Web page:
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The High Costs of Copenhagen
Perhaps, though not without enormous effort. Operating a power grid reliably and economically with intermittent solar and wind resources generating 40% of the electricity cannot be done today. Carbon capture and storage has yet to be demonstrated on a large scale. Meanwhile, a still vocal group of environmentalists remains adamantly opposed to nuclear energy—even though it is the only low-carbon energy source that is both scaleable and already generating large amounts of electricity.
Yet falling short on any of these decarbonization measures would require even more of the others, or even greater energy efficiency gains. Failing that, the only way to reach the 83% reduction goal would be through slower or even negative economic growth, i.e., lower living standards. This is a matter of arithmetic; it cannot be wished away.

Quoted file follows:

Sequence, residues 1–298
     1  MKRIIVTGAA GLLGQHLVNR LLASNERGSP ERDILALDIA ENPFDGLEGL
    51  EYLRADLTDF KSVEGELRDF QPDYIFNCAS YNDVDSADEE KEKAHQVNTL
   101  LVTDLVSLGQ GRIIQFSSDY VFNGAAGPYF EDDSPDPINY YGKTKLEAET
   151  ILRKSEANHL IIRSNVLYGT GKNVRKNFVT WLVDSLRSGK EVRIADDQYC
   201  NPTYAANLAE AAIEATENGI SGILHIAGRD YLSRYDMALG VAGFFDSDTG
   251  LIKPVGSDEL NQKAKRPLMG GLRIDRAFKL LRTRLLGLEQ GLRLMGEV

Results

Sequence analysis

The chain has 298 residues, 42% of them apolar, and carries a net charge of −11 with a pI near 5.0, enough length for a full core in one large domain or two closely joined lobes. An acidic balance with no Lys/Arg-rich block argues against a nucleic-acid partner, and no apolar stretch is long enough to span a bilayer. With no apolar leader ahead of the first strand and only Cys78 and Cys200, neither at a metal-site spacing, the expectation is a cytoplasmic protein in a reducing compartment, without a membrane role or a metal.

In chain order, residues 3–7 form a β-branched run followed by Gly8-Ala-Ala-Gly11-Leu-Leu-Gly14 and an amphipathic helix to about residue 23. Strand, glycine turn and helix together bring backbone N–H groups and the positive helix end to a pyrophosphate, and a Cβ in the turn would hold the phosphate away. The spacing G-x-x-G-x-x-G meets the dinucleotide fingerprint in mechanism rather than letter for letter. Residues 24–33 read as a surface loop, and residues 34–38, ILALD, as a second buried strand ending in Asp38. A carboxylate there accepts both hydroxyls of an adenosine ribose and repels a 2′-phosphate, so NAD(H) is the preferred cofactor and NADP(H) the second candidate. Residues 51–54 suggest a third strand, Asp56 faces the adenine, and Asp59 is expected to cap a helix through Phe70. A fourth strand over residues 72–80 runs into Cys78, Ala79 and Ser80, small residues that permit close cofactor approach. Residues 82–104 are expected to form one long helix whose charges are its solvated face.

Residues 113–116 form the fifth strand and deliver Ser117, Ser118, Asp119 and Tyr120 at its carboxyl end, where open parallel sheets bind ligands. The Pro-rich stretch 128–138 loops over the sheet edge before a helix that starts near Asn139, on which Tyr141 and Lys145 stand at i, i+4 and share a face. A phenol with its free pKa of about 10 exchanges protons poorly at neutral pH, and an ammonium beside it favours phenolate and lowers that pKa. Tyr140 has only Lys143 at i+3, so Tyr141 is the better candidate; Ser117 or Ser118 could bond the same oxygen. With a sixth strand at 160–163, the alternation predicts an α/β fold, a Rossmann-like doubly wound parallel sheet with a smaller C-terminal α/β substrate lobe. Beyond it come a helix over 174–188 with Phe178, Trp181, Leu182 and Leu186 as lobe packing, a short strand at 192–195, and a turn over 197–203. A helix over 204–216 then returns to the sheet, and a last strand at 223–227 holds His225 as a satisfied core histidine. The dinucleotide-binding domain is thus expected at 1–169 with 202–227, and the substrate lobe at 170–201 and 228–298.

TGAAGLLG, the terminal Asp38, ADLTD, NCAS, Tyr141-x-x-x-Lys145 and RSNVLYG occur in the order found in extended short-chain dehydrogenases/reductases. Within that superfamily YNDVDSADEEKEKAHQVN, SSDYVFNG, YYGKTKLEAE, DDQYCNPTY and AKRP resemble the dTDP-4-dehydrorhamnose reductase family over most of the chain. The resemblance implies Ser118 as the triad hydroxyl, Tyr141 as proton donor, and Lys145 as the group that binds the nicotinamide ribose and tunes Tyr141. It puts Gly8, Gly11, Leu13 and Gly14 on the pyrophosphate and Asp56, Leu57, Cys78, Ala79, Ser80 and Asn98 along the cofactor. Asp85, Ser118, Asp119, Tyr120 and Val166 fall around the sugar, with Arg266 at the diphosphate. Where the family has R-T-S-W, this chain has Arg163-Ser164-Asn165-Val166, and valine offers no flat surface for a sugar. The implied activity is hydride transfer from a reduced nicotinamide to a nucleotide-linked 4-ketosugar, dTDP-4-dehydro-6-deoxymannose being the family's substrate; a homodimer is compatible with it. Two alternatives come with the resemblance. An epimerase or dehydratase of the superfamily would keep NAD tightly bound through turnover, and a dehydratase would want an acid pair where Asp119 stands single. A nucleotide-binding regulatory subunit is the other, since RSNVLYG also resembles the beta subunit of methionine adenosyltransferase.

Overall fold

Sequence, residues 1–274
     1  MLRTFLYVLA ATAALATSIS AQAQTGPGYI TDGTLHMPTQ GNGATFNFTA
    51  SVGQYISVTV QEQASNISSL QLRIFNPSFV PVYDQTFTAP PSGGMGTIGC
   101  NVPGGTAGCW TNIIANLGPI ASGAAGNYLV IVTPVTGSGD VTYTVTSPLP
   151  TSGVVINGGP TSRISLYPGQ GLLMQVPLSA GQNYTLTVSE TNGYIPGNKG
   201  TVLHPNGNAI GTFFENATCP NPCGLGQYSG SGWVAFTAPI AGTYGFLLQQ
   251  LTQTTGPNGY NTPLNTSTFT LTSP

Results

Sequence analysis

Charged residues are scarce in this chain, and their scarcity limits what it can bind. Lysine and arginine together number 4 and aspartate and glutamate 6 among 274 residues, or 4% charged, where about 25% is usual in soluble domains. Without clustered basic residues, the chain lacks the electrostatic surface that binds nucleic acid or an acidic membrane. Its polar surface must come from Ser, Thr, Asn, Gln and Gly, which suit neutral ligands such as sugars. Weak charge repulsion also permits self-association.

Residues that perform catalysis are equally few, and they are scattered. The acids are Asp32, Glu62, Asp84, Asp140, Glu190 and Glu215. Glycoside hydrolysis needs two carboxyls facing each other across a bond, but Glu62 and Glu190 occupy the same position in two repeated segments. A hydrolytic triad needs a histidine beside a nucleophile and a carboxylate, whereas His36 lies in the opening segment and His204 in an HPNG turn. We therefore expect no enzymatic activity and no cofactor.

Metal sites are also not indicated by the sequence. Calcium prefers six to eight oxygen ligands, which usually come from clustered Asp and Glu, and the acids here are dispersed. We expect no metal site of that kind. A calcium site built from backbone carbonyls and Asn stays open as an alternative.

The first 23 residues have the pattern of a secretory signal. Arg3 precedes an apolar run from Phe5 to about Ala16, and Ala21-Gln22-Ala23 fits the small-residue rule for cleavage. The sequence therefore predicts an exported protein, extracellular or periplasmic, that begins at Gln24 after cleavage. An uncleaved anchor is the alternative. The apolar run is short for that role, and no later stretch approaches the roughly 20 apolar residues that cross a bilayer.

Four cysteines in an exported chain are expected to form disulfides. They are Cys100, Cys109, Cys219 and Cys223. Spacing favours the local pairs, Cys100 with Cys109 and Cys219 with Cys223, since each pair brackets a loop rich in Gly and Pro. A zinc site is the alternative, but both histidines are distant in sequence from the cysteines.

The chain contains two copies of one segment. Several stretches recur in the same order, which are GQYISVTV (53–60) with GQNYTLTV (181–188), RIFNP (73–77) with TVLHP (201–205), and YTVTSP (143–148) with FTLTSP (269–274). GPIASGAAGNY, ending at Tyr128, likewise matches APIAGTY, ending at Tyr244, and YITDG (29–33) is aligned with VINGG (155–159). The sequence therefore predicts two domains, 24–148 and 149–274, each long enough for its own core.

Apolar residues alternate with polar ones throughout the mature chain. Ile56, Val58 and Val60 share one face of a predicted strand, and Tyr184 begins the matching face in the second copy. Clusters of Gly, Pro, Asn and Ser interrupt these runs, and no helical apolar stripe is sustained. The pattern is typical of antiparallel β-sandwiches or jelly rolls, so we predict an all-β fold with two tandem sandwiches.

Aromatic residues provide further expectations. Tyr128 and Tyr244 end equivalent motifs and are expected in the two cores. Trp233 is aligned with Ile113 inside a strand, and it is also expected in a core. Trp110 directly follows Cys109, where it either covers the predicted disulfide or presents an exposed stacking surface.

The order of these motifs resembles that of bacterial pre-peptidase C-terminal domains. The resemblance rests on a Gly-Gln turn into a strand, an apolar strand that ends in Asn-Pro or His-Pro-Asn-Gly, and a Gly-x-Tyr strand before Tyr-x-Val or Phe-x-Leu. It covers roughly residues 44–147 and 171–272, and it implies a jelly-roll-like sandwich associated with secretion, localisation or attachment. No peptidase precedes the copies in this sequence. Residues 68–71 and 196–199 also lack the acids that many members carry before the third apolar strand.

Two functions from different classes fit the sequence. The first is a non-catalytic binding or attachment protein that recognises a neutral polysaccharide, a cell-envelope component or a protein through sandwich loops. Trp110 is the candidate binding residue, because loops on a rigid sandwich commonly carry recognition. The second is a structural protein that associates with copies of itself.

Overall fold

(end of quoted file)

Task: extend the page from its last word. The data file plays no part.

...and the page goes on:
The benefits of LFTR's
1. The LFTR is an extremely safe reactor design.
2. The thorium fuel cycle is efficient.
3. Elimination of the problem of nuclear waste.
4. Lowest fuel cycle costs coupled with very high fuel safety.
5. Lower manufacturing, construction and siting costs coupled with great manufacturing time efficiencies.
6. Liquid core reactors can be used to dispose of existing stocks of nuclear waste.
Originally posted by expat2368
Do not need nuclear power...
There is a huge amount of effort going into research on zero point energy at many levels of funding. I firmly believe a breakthrough will happen quicker than new nuclear plants can be constructed.
But dont you think corporations would bastardize the technology?
So, to make sense of my ramblings here, it could be very effective for all housing to be equipped with a combination of Wind and Solar energy production to take the drain off normal power supplies, and reduce household costs.